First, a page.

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Downes Murray International News

How often should I mail my donors?

For the most part it is prompted by a concern that mailing too often will cause ‘donor burn-out’ or create a negative reaction. And it’s a perfectly acceptable question to raise – because no-one wants to upset their donors.

So let’s look at what might constitute a typical annual direct mail programme aimed at existing donors:

  • Four renewal mailings to the entire file.
  • Two newsletters also to the whole file.
  • A major donor mailing to a small number of donors who have joined your major supporter group by giving an additional large gift each year.
  • A major donor newsletter to this group.
  • A ‘thank you’ mailing to your monthly donors mailed mid year.
  • A Christmas/Season’s Greeting card to your monthly donors at year-end.
  • To this you might add a special mailing to donors of 65 years and older inviting them to enquire about your bequest booklet, and another special mailing to lapsed donors with a strong incentive for them to renew their support.
So your typical donor mailing programme might have no fewer than 12 mailings each year. But, of course, not all going to the same segments of our donor file and not all would contain a direct ‘ask’.

Only your four renewal mailings, and your major donor mailing would have direct ‘asks’ plus a donation form and a reply envelope. Each of these mailings would also be ‘themed’ with a specific project or seasonal reason for the donor to support. So they wouldn’t just be ‘yet another letter asking for money’. Each would recognise the donor’s past support and would add a compelling reason for why you’re approaching them again.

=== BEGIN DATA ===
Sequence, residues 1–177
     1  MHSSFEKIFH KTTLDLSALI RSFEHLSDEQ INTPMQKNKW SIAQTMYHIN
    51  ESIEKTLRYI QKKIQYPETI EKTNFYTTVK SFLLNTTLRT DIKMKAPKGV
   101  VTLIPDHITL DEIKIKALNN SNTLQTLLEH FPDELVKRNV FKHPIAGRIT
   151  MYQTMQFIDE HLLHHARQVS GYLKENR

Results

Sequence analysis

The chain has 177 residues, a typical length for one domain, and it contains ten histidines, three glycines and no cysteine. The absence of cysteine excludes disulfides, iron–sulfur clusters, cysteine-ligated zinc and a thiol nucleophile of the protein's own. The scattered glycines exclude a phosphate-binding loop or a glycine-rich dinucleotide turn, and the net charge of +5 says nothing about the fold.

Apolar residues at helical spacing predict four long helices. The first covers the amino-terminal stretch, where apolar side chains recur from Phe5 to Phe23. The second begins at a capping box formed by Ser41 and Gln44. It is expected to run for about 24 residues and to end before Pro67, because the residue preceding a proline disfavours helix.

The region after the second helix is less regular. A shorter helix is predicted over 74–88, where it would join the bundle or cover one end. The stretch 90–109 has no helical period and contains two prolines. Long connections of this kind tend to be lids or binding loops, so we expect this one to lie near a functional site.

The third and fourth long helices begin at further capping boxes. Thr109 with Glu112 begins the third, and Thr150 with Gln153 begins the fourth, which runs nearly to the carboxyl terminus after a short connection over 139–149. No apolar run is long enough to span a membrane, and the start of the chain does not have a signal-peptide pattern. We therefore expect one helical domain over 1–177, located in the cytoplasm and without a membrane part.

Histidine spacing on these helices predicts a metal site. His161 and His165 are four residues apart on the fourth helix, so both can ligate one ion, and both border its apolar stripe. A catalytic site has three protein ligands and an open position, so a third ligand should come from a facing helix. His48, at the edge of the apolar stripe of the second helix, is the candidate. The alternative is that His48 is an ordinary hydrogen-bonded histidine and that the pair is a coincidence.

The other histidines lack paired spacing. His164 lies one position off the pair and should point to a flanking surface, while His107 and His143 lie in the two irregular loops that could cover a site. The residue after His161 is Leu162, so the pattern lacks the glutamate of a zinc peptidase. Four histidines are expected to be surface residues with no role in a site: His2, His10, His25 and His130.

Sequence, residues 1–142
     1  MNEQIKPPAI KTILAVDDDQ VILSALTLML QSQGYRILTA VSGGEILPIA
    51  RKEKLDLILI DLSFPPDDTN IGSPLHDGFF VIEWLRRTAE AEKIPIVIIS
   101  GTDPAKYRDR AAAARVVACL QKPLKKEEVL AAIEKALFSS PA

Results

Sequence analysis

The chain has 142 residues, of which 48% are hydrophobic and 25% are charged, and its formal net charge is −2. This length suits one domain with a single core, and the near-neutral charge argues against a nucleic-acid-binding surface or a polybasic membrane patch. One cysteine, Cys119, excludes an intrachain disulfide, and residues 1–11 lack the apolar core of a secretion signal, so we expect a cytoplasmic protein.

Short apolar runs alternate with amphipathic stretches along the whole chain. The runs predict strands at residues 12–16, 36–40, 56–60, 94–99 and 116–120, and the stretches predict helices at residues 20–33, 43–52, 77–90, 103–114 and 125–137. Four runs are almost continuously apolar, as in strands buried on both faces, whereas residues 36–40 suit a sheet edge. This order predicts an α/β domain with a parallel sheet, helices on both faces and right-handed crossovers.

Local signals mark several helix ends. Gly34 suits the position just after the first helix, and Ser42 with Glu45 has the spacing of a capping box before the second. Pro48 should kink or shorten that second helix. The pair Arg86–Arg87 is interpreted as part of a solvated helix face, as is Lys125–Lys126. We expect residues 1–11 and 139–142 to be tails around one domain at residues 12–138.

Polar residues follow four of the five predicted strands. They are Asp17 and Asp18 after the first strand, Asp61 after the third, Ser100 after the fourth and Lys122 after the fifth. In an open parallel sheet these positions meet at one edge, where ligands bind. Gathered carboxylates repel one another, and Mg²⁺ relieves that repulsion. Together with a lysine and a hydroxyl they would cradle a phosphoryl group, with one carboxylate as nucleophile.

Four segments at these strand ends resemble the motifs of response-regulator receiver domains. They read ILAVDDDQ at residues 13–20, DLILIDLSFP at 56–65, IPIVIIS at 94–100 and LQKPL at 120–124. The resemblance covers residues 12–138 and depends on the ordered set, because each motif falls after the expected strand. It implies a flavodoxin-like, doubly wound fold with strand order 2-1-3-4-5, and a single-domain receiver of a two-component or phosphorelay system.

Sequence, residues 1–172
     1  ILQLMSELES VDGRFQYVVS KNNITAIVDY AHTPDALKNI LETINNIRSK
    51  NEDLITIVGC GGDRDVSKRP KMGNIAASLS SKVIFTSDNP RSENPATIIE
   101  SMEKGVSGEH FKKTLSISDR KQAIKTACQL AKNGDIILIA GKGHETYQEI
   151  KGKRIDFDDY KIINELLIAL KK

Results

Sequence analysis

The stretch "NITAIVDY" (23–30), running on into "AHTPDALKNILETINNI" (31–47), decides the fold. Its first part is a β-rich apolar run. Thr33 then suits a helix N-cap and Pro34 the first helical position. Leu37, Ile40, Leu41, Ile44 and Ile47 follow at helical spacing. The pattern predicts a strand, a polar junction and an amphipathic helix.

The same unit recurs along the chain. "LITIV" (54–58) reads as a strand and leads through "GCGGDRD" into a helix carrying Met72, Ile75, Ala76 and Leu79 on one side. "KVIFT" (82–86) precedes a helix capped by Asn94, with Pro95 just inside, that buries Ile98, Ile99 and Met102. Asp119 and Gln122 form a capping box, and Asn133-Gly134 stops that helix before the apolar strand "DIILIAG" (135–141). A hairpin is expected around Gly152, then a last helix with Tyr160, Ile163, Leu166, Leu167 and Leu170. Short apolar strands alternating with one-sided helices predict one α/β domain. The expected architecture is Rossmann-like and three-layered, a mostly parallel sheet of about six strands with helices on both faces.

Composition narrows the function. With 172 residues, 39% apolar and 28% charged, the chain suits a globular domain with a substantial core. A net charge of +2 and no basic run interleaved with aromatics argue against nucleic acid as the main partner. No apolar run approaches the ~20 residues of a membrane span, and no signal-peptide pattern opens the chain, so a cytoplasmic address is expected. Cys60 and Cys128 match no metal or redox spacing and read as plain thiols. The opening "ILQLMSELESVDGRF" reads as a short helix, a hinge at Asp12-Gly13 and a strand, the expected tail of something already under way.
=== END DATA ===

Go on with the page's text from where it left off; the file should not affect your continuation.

The two newsletters (and the major donor newsletter) would, as their main purpose, provide feedback to donors. However, they would contain a response device with a low key ‘ask’.

And the addition of just that response piece with what we term a ‘soft ask’, will ensure that you receive sufficient income from the mailing to cover the entire cost of the newsletter.

In fact, income from a well produced newsletter will often produce donations equivalent to double the total production and mailing cost.

The major donor newsletter is the only one that might not contain this reply envelope as these folk are already giving very generously and, as the list is likely to be a small one, the cost of sending them a newsletter is not great.

If you’re still a bit skeptical about the number of mailings that I am recommending, then think about these three fundraising truths:

  • Never attempt to think for your donors. They’ll let you know if you’re annoying them by mailing too often (and you should quickly and courteously respond to all complaints). But beware the tendency to react to a small handful of complaints when the majority have voted positively by sending you additional donations.
  • Every additional mailing to existing donors will produce an increase in net income for your direct mail programme – even if you mail each and every month.
  • With the large number of other organisations who are communicating with people who are often your donors, you should ensure that your organisation isn’t forgotten because you aren’t communicating as regularly as some of your competitors.

In summary, you probably could, and certainly should be mailing your donors more often than you are at present.

But you should be doing so with an intelligently planned and well-constructed programme that incorporates plenty of feedback and acknowledgement of their support. And, finally, don’t forget to show them how their money’s being put to excellent use.

With acknowledgement to the late Terry Murray in The Ask of Asking + 60 More Fundraising Tips and Trends.                   

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